Daily system administration tasks often require administrators to connect remote systems. But allowing these remote systems to accept passwords makes these systems vulnerable to the risk of brute-force password guessing attacks. Furthermore there are some tasks that require automated non interactive logon to a remote system such as a backup file transfer to a remote system. The use of SSH addresses all these problems. SSH could be configured to accept only public key verified users to logon to a certain system. SSH keys also support password verification to check if the user is authorized to use the access key. This password may be omitted to allow an automated access. This is also good for scripted operations. Since the other alternative would be to enter the password directly into the script which must be avoided for all expenses because it is a huge security risk.
Lets create a ssh key pair for logon.
First of all you need to logon to the remote system. Once you've logged on and your placed in your home directory you're ready to go:
Initiate key generation using the ssh-keygen program. ssh-keygen is for creating a public/private key pair that will be used for logon. ssh-keygen allows the creation of key pairs using DSA or RSA algorithms. DSA keys must be exactly 1024 bits to allow FIPS-186-2 compliance. RSA keys could be 768-4096 bits in length. The default is 2048 bits. Generally DSA keys are preferred because DSA was always an open standard while RSA was protected by patents which were expired in 2000. For the time being there are CERT reports indicating to some vulnerabilities with DSA and ECDSA algorithms. It seems that RSA is safe against these vulnerabilities. But as I told earlier RSA keys are not widely used in the open community since DSA was always preferred due to it was always open-source.
Throughout the examples I'll prefer RSA keys in that it seems they are more susceptible to exploits for the time being.
The command such as this will start key generation:
# ssh-keygen -t rsa -C "kerem@company key20090602"
Here -t switch is the type of the resulting key it could be either DSA or RSA. Here I'll stick with RSA for the reasons I've explained above.
-C switch is also very useful it allows you assign a text label to your key so it will be easy for you to identify your keys.
It will respond with:
Generating public/private rsa key pair.
Enter file in which to save the key (/home/kerem/.ssh/id_rsa):
Hit enter here to accept the default filename (id_rsa) and the default location ($HOME/.ssh). It will then continue with:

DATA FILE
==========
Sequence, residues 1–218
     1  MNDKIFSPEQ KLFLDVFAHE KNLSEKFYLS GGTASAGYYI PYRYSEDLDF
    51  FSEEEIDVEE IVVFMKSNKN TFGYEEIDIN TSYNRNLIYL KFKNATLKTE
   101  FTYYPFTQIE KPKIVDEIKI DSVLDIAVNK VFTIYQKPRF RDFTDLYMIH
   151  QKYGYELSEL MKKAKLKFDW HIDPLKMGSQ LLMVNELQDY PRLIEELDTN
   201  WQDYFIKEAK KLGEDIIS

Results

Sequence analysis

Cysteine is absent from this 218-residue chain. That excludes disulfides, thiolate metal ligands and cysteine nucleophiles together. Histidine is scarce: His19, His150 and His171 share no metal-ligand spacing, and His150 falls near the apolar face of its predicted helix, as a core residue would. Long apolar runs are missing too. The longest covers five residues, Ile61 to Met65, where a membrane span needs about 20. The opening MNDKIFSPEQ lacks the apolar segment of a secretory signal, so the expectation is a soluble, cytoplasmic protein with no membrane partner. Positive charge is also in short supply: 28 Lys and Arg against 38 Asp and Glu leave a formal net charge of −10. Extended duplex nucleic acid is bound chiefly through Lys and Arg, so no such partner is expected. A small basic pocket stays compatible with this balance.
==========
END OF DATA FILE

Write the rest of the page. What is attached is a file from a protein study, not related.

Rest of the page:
Enter passphrase (empty for no passphrase):
Enter same passphrase again:
Here's where the ssh-keygen asks you for a password. You can either hit enter twice and leave the password empty. While this could be useful to automate tasks requiring remote access it could be a potential security risk if the keys are compromised. Following the password the keys will be created and placed under $HOME/.ssh directory. The program will respond with this and quits:
Your identification has been saved in /home/kerem/.ssh/id_rsa.
Your public key has been saved in /home/kerem/.ssh/id_rsa.pub.
The key fingerprint is:
f6:61:a8:27:35:cf:4c:6d:13:22:70:cf:4c:c8:a0:23 kerem@company key20090602
Congratulations the key generation task is over. SSH is very sensitive to file and directory permissions. If it does not like directory permissions for .ssh it will abort key authentication during initial handshake and silently continue with other authentication methods resulting in you would only be able to login using your account password not the password you'd assigned during key generation. This would also preferred automated scripts to fail since authentication without password is not possible. Assuming that you're already located in your home folder use a command like this:
# chmod -R 600 .ssh
This will set the .ssh directory and files under it to rwx------ which is necessary for folders and private keys. As an increased security measure I've applied it to the public key too.
The next step is to locate the the .ssh folder and make arrangements for logon there. Please execute these commands:
# cd .ssh
# cat id_rsa.pub >> authorized_keys
These commands will allow the newly created key appended to the file called authorized_keys. The reason I've preferred to append is to protect the keys that might have been placed in the file earlier. If we'd copied it directly instead this would destroy any existing key.
Once more execute
# chmod 600
# ssh -i id_rsa localhost
If everything is okay you'll get a password prompt if you've set one and logged to the system
Now the operation is complete and verified too. You'll need to transfer the keys over to your system and need to remove the private key from the target system. During the authentication the client should have the private key (id_rsa) while all the server needs to have is the $HOME/.ssh/authorized_keys
file. Transfer id_rsa and id_rsa to the target system now and remove the id_rsa.